Jiang was feted at home and abroad until, in 2004, he issued a letter demanding a reappraisal of the 1989 student movement. Jiang was subsequently detained and forced to undergo ideological indoctrination. His conviction in the wrongfulness of the Beijing Massacre remained unshaken upon his release. The BBC’s Kelly Ng reported on Jiang’s activism on behalf of Tiananmen victims

The following year, Dr Jiang again challenged Beijing. He called on Chinese Communist Party (CCP) to acknowledge its 1989 crackdown on Tiananmen Square protesters had been wrong – and that hundreds, possibly thousands, of civilians had been killed.

He wrote of his experience working as a surgeon in Beijing on that night. In a letter, he recounted how authorities “acted in frenzied fashion, using tanks, machine guns and other weapons to suppress the totally unarmed students and citizens”.

Ordinary Chinese would be “increasingly disappointed and angry” with the CCP’s view of the protests as a counter-revolutionary riot, he said. “Our party must address the mistake it has made,” he wrote.

He and his wife, Hua Zhongwei, were later detained, but Dr Jiang remained for years undeterred on the topic. He wrote a letter to Chinese President Xi Jinping in 2019, denouncing the Tiananmen Square crackdown as a “crime”. [Source]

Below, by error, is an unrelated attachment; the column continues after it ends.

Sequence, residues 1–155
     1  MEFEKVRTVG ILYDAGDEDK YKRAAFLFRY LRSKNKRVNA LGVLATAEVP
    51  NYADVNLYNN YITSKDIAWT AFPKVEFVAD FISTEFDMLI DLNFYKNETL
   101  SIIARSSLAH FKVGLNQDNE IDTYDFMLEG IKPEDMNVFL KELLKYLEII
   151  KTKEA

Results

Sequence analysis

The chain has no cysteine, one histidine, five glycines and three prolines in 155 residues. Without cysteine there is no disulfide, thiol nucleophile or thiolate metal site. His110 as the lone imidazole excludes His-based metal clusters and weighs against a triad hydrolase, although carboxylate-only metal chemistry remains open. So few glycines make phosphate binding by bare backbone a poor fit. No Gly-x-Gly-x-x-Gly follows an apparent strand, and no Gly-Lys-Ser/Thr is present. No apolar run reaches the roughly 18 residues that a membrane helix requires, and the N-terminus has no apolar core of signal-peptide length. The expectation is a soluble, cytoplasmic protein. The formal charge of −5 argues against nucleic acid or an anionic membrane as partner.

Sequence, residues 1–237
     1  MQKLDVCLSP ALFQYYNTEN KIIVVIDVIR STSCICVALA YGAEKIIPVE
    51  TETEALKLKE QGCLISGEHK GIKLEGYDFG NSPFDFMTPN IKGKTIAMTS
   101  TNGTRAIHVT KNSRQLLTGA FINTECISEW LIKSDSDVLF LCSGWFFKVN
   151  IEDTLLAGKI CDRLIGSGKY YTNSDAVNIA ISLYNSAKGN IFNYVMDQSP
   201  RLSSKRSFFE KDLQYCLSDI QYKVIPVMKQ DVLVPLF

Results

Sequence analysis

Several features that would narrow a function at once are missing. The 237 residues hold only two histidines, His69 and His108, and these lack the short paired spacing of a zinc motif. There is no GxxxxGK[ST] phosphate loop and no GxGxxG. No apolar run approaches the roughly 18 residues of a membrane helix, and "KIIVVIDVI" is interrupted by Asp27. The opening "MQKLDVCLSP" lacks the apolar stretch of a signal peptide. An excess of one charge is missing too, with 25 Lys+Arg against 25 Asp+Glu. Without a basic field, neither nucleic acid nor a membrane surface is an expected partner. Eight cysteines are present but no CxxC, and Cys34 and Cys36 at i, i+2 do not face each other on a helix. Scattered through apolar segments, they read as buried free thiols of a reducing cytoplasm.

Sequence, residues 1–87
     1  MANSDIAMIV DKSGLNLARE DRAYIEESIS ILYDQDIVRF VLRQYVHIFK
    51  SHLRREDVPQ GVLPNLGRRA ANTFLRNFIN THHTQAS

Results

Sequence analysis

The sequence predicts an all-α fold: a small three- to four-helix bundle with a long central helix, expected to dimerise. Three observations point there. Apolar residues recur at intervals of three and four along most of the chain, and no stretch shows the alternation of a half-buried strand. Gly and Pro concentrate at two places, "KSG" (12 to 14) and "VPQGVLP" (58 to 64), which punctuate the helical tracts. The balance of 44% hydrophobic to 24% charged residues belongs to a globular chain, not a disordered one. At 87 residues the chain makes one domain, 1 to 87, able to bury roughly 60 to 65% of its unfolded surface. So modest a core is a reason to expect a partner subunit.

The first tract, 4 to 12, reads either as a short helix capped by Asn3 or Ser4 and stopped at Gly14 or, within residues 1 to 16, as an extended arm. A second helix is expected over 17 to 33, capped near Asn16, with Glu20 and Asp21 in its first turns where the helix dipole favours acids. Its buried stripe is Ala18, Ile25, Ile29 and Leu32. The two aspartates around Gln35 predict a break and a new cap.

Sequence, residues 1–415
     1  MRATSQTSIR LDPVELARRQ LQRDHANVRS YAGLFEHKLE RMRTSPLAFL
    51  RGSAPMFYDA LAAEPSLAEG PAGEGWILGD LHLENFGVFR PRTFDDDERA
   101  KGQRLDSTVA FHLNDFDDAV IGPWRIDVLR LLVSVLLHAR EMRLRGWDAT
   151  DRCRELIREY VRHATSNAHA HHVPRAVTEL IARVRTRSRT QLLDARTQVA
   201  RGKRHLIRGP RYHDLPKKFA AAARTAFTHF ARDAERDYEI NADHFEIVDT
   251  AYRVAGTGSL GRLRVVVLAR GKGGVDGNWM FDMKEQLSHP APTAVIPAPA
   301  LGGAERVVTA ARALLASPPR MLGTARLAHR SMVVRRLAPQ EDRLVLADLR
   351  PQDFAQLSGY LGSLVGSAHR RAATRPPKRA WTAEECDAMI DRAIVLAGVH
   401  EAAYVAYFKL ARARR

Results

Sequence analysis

Official censure forced Jiang out of the media after his Tiananmen activism. However, his name resurfaced in 2020 after Dr. Li Wenliang was admonished for “rumor mongering” about the then-emergent coronavirus in Wuhan. Prominent writers like Li Chengpeng and Fang Fang compared Li Wenliang to Jiang in bravery. In February 2020, a WeChat essay commemorating 25 years of Chinese “rumor mongers” highlighted Jiang’s actions in 2003 and attempted to dodge censorship by only referring to him by his surname and initials. Censors deleted the essay nonetheless.